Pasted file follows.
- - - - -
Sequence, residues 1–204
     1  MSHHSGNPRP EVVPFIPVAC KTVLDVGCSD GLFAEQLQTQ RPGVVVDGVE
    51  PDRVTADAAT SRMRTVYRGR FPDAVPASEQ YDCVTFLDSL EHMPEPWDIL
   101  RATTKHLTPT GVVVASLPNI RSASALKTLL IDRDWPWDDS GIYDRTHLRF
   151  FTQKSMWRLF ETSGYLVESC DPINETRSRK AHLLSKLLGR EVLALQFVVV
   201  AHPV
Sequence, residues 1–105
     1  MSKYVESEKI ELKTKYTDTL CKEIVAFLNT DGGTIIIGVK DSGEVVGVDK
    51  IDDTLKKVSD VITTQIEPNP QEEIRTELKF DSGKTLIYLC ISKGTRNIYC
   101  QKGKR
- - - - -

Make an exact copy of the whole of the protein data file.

Sequence, residues 1–204
     1  MSHHSGNPRP EVVPFIPVAC KTVLDVGCSD GLFAEQLQTQ RPGVVVDGVE
    51  PDRVTADAAT SRMRTVYRGR FPDAVPASEQ YDCVTFLDSL EHMPEPWDIL
   101  RATTKHLTPT GVVVASLPNI RSASALKTLL IDRDWPWDDS GIYDRTHLRF
   151  FTQKSMWRLF ETSGYLVESC DPINETRSRK AHLLSKLLGR EVLALQFVVV
   201  AHPV
Sequence, residues 1–105
     1  MSKYVESEKI ELKTKYTDTL CKEIVAFLNT DGGTIIIGVK DSGEVVGVDK
    51  IDDTLKKVSD VITTQIEPNP QEEIRTELKF DSGKTLIYLC ISKGTRNIYC
   101  QKGKR